Asked  7 Months ago    Answers:  5   Viewed   21 times

Is there an accepted maximum allowed size for HTTP headers? If so, what is it? If not, is this something that's server specific or is the accepted standard to allow headers of any size?



No, HTTP does not define any limit. However most web servers do limit size of headers they accept. For example in Apache default limit is 8KB, in IIS it's 16K. Server will return 413 Entity Too Large error if headers size exceeds that limit.

Related question: How big can a user agent string get?

Tuesday, June 1, 2021
answered 7 Months ago

406 is returned by the server when it can't respond based on accepting the request headers (ie they have an Accept header which states they only want XML).

415 is returned by the server when the entity sent in a request (content in a POST or PUT) has an unsupported mediatype (i.e. they sent XML).

so.. 406 when you can't send what they want, 415 when they send what you don't want.

Hope that helps!

Sunday, July 11, 2021
answered 5 Months ago

Okay, with the assistance of a co-worker and some experimentation, I found that this can be done with the assistance of some protected properties and methods accessed through reflection:

var headers = app.Context.Request.Headers;
Type hdr = headers.GetType();
PropertyInfo ro = hdr.GetProperty("IsReadOnly", 
    BindingFlags.Instance | BindingFlags.NonPublic | BindingFlags.IgnoreCase | BindingFlags.FlattenHierarchy);
// Remove the ReadOnly property
ro.SetValue(headers, false, null);
// Invoke the protected InvalidateCachedArrays method 
    BindingFlags.InvokeMethod | BindingFlags.NonPublic | BindingFlags.Instance, 
    null, headers, null);
// Now invoke the protected "BaseAdd" method of the base class to add the
// headers you need. The header content needs to be an ArrayList or the
// the web application will choke on it.
    BindingFlags.InvokeMethod | BindingFlags.NonPublic | BindingFlags.Instance,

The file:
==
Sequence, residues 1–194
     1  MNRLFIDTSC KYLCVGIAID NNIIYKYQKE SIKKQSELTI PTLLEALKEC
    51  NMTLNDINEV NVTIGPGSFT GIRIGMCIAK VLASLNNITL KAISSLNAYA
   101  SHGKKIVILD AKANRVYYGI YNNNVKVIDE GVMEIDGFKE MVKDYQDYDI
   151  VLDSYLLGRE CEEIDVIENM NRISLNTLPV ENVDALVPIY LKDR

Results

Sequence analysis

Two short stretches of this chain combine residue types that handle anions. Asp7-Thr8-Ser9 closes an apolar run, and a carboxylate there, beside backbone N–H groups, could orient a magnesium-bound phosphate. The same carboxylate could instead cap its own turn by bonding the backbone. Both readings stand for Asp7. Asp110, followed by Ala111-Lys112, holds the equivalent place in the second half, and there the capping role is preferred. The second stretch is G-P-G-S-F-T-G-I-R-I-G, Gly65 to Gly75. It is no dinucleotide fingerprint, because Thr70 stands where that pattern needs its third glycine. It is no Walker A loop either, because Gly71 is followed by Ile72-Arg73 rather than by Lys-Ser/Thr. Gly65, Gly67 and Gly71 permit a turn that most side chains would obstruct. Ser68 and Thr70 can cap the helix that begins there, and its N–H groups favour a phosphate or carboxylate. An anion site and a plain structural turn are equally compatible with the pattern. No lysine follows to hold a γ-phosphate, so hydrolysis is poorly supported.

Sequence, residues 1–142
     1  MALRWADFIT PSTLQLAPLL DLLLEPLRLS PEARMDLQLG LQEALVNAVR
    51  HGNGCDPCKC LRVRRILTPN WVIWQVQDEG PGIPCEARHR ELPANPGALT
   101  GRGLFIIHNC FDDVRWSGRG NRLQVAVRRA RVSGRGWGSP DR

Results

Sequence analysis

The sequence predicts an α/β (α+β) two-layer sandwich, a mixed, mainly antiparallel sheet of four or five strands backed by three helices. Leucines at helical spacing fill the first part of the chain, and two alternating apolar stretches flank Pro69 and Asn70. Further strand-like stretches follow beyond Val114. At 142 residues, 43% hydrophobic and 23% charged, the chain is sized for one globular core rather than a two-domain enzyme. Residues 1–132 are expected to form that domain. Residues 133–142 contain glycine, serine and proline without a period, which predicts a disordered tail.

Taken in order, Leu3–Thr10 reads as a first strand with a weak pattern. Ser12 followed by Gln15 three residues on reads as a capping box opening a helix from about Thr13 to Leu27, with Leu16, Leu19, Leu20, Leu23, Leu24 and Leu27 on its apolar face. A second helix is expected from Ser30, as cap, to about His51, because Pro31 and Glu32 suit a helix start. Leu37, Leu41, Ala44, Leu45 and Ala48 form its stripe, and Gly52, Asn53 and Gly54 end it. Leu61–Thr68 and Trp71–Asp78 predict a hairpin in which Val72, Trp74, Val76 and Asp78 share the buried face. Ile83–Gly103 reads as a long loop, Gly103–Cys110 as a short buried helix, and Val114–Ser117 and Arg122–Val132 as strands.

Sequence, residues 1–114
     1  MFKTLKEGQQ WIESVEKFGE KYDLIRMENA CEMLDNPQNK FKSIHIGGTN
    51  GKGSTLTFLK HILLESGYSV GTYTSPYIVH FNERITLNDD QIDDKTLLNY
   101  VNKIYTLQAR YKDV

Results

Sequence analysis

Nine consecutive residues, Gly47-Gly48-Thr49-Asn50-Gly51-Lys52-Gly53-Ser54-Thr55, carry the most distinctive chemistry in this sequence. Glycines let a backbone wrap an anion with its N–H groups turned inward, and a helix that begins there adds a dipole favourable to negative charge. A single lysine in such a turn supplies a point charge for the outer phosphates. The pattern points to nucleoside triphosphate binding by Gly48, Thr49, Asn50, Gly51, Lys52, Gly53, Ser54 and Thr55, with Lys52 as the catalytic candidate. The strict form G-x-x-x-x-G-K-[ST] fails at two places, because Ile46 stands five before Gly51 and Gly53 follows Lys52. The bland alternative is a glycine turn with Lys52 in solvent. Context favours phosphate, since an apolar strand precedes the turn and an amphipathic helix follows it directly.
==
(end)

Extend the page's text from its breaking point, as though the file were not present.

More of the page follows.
null, headers, 
    new object[] { "CustomHeaderKey", new ArrayList {"CustomHeaderContent"}} );
// repeat BaseAdd invocation for any other headers to be added
// Then set the collection back to ReadOnly
ro.SetValue(headers, true, null);

This works for me, at least.

Thursday, July 22, 2021
answered 5 Months ago

Well, HttpResponseMessage.Headers returns an HttpResponseHeaders reference, so you should be able to use GetValues()

string error = response.Headers.GetValues("X-Error").FirstOrDefault();
string errorCode = response.Headers.GetValues("X-Error-Code").FirstOrDefault();
Sunday, August 1, 2021
answered 4 Months ago

At a minimum, you must provide a header with a status line and a date.

As someone who has written many protocol parsers, I am begging you, on my digital metaphoric knees, please oh please oh please don't just totally ignore the specification just because your favorite browser lets you get away with it.

It is perfectly fine to create a program that is minimally functional, as long as the data it produces is correct. This should not be a major burden, since all you have to do is add three lines to the start of your response. And one of those lines is blank! Please take a few minutes to write the two glorious line of code that will bring your response data into line with the spec.

The headers you really should supply are:

  • the status line (required)
  • a date header (required)
  • content-type (highly recommended)
  • content-length (highly recommended), unless you're using chunked encoding
  • if you're returning HTTP/1.1 status lines, and you're not providing a valid content-length or using chunked encoding, then add Connection: close to your headers
  • the blank line to separate header from body (required)

You can choose not to send a content-type with the response, but you have to understand that the client might not know what to do with the data. The client has to guess what kind of data it is. A browser might decide to treat it as a downloaded file instead of displaying it. An automated process (someone's bash/curl script) might reasonably decide that the data isn't of the expected type so it should be thrown away.

From the HTTP/1.1 Specification section Content-Type:

A sender that generates a message containing a payload body SHOULD generate a Content-Type header field in that message unless the intended media type of the enclosed representation is unknown to the sender. If a Content-Type header field is not present, the recipient MAY either assume a media type of "application/octet-stream" ([RFC2046], Section 4.5.1) or examine the data to determine its type.

Wednesday, August 4, 2021
Mihail Feraru
answered 4 Months ago
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